The Finnmark region has superb wind conditions. But local Sámi communities do not want wind power generation. Photo: Atle Staalesen

Sámi Parliament takes state of Norway to court

The legislators of the indigenous people assembly argue that Oslo's decision to open up for major wind power generation in the Finnmark region will infringe on Sámi rights and culture.
June 26, 2024


President of the assembly Silje Karine Muotka says the Norwegian Ministry of Energy on the 26th of June was informed about the upcoming lawsuit.

The Sámi Parliament strongly opposes the Norwegian government’s plan to transform power supply to the far northern Melkøya LNG plant. By 2030, the plant’s gas-driven turbines are to be replaced by electric power, and consequently help cut Norway’s climate gas emissions by 850,000 tons per year. The electrification will require a major development of wind power in the region.

The Sámi legislators argue that projected wind power projects will lead to a degradation of land areas extensively used for herding of reindeer.

Silje Karine Muotka is President of the Norwegian Sámi Parliament. Photo: Avju/Sametinget

“The Sámi Council has publicly and in meetings with the Government clearly called for a reconsideration of the Melkøya decision […] When there is a conflict that can not be resolved politically, then it is quite natural to a go to court for a solution,” Muotka says in a statement.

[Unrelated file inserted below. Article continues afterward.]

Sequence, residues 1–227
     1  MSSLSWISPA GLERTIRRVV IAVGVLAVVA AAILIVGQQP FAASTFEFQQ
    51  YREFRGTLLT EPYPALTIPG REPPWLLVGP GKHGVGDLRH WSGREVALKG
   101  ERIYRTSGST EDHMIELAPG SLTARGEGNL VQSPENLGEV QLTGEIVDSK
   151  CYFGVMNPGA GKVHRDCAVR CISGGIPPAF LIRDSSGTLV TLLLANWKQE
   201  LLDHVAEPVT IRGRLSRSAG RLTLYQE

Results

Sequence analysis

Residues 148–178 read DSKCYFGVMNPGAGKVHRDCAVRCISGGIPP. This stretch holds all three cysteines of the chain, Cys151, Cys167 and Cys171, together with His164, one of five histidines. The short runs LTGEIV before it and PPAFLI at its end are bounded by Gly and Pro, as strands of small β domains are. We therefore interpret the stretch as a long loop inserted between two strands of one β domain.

Muotka underlines that the Norwegian government is obliged by law to consult with the Sámi Parliament in issues relating to the use of land in Sámi areas.

The announcement of the lawsuit comes only one day after Norwegian authorities made public a list of upcoming wind power projects in the region.

The list includes 11 projects, several of them located in areas extensively used for reindeer herding. Public hearings are to start in September, the Norwegian Energy Regulatory Authority informs.



Wind turbines in Berlevåg on coast of Barents Sea. Photo: Atle Staalesen


These power development plans will have major consequences for the use of land and for the whole population, including the indigenous population, the Sámi Parliament argues.

“It will hugely increase pressure on the territories and have big consequences for the whole population,” member of the Sámi Council Maja Kristine Jåma says.

Norway’s far northern Finnmark region already has several wind power projects in operation. Far from all of them are unpopular among locals.

In Berlevåg, the local Raggovidda wind farm now pave the way for development of green hydrogen and green ammonia.

Both in Berlevåg nearby Kjøllefjord the local wind farms are welcomed by most locals, who see that the turbines generate not only green power  but also good revenue.






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